Right. Time for a new poem. I wrote this after reading Merrick's piece about climate denial. As usual, it's written for performance rather than the page, so doesn't work as well written down. It's also deliberately educational - I'm thinking of using it for the A-Z of Climate Change. All feedback welcome!


Say it ain’t so
Don’t give me the facts coz I don’t want to know
I said no
Say it ain’t so
Don’t give me the facts coz I don’t want to know

It’s the sun
It’s the clouds
It’s volcanoes
It’s shrouded
In mystery and doubt
And we’ll never find out
No, it’s China -
America’s fault -
Watch your backs, it’s
A global conspiracy to raise your taxes
It’s not warming at all!
Well it is, but not much
Well, OK, quite a lot but not our fault as such
And we’ll grow grapes in London
Except, if you’re wondering,
It’s all made up by scientists to increase their funding
It’s a scam
It’s too late
It’s a natural thing
Please, just tell me I don’t have to do anything.

Say it ain’t so
Don’t give me the facts coz I don’t want to know
I said no
Say it ain’t so
Don’t give me the facts coz I don’t want to know

Why would you believe it?
It’s too hard to bear
The fearful idea
That seemingly innocent things we do here
Turn on the gas, or drive down to Ikea
Could flood out into droughts, storms, to death and despair
Who cares if the science is clear?
Why would we comfortable few want to face
The fact that the future we’ve chosen to chase
Based on the assumption of growing consumption
Of ever more energy, mining and waste
Demands more fossil fuels than the climate can take?
Is it any surprise that we’re willing to cling
To half-baked answers from internet chancers
‘Bout gaps in the science or blizzards in Spring
Or fire-breathing giants from the Lizard King
As the floodwaters rise from Dhaka to Beijing
Please, just tell me I don’t have to do anything.

Say it ain’t so
Don’t give me the facts coz I don’t want to know
I said no
Say it ain’t so
Don’t give me the facts coz I don’t want to know

There are three simple things that we need to show
In order to know
Global warming is real and a thing we should slow
First is the fact that
CO2 warms the atmosphere
Trapping more of the Sun’s rays down here
Now, despite all the online bitching
You can show this yourself in your own kitchen
With a bottle, lamp, vinegar and baking powder
I can point you to a video that shows you how to
Try it yourself, and see how hot all
The air gets in a CO2–filled bottle
It’s basic stuff that we’ve known since 1832*
And no-one seriously says it isn’t true.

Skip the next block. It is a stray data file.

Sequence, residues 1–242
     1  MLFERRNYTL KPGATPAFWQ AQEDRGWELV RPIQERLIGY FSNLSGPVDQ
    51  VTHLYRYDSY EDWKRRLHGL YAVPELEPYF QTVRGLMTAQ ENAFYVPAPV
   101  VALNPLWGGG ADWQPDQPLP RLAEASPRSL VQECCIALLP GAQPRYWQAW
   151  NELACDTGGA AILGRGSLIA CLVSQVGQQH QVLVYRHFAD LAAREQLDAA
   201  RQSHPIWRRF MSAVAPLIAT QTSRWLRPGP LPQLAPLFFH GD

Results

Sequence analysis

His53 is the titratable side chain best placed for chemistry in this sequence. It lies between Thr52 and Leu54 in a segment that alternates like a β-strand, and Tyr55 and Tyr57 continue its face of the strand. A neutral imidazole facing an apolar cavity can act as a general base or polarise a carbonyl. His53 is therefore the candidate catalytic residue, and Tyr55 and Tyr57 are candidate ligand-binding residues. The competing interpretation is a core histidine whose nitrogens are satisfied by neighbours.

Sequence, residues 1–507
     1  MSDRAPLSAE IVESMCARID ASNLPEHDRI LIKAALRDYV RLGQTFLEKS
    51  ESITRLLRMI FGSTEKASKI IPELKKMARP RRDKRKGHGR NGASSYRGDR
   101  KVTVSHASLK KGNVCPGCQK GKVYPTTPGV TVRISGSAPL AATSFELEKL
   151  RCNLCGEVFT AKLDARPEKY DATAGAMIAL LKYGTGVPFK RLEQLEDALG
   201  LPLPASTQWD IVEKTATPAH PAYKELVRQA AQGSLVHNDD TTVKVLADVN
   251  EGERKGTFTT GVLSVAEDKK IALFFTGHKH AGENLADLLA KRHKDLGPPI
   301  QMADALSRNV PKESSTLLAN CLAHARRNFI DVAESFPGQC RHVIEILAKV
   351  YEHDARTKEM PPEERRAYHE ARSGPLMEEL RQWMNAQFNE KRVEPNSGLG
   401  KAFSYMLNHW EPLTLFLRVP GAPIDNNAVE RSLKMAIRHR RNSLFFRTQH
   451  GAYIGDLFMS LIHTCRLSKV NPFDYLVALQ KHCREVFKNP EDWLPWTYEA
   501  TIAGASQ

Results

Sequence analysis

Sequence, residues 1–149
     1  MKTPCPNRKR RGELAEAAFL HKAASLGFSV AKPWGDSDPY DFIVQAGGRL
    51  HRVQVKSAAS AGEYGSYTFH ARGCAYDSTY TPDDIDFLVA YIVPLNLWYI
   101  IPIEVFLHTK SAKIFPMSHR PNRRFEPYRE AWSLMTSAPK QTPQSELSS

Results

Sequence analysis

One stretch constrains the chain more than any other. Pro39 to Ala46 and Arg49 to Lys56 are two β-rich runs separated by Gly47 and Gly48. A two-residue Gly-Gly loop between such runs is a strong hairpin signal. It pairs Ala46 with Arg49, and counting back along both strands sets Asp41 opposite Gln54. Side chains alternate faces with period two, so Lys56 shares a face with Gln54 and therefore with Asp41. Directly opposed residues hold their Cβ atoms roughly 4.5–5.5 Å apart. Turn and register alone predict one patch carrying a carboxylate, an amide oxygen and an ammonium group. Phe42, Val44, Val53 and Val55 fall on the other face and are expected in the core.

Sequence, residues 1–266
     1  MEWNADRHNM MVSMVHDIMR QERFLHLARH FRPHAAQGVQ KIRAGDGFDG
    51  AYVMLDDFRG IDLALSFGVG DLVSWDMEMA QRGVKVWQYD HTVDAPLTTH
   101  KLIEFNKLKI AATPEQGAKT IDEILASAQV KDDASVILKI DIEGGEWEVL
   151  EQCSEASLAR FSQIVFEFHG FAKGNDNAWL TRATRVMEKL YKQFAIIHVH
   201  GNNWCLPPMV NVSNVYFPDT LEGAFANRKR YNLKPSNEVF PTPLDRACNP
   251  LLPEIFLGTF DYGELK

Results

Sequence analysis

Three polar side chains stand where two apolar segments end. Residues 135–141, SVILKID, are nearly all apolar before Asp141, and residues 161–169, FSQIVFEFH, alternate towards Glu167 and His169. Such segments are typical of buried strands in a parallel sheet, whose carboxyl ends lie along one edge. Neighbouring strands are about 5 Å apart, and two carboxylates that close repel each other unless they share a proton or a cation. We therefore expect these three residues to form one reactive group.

Next we need to show that we, down here,
Have been pumping CO2 into the atmosphere
For the last 150 years.
At an unprecedentedly rapid rate
This is well measured, not a matter of debate
We’ve been churning out the stuff like it’s the only thing we knew
And no-one seriously says it isn’t true.
Add these two facts together, we’d expect to see
Our planet getting hotter as the carbon levels shot up
Over the last century
With increased rapidity
Which leads us neatly and sweetly onto fact number three
Where thousands of measurements all over the world
Have been showing the average temperature growing
In a way that’s aligned with the CO2 climb
While the heat from the Sun remained roughly the same
So there’s no other natural cycle to blame
And this is the bit where a few people do
Begin to exclaim that it just can’t be true
Find some minor detail in a stolen email
And start excitedly bleating
That this means that the world isn’t really heating
It’s an evil secret scheme
A conspiracy between
Thousands of temperature measurement stations, altered patterns of bird migration, the Arctic melting into pieces, hundreds of vanishing animal species, the thawing of Siberian tundra, Pacific islands going under, African farmers’ failing crops, trillions of individual raindrops, Indigenous people’s vanishing lands, the way the warming sea expands, the Californian wildfires, the 99% of all climate scientists who are liars, prehistoric ice cores, eroding shores, Al Gore…
They’re all in it together
Hijacking the weather
It sounds far-fetched but I’ll take it all in
If it means that I don’t have to do anything.

Say it ain’t so
Don’t give me the facts coz I don’t want to know
I said no
Say it ain’t so
Don’t give me the facts coz I don’t want to know

But the bit that’s really twisted
Is that - after decades of resisting -
Government and business
Are finally admitting
That the problem does exist
But are doing nowhere near enough to really deal with it
Instead they’re looking for new ways
To make climate peril pay
Setting up complex carbon markets to trade the sky away
Doing naff all for the climate but lots for the bottom line
Which leaves a disillusioned public understandably inclined
To think the whole damn thing’s a scam
And not deserving of their time
But here’s the thing:
It’s our own power we deny
When we say there’s nothing we can do it means we needn’t try
But as soon as we admit
That yes, humans are causing it
That gives us back the chance to act
Against the main culprits:
The banks and corporations chasing endless fossil profits.
For a better world let’s put our crazed economy on trial
And take a stand against the people who would keep us in denial

So I’ll say no
I won’t let it be so
Gonna act on the facts and let a better world flow
I won’t let it be so
Gonna act on the facts and let a better world flow

*Actually 1824 (it was discovered by the French scientist Joseph Fourier), but that didn’t rhyme. It’s true that we knew about it in 1832, though, so I figure this is OK. Poetic license, baby.

Sunday, 7 February 2010

Climate Denier "Proves" Climate Change

This is good for a wry, bitter laugh...

Thursday, 21 January 2010

Thursday, 14 January 2010

Is it our turn yet?

OK, so I was writing up my thoughts following the Copenhagen debacle and it kind of turned into an article - which the New Internationalist then agreed to publish on their website. It's called "Rising Faster Than The Oceans", and is all about finding a positive way forward now that the world's politicians have screwed everything up so spectacularly. Have a look and let me know what you think (I'd suggest reading it as a companion piece to the article by Jess I mentioned last time).

If you think it's useful, please do spread the link around!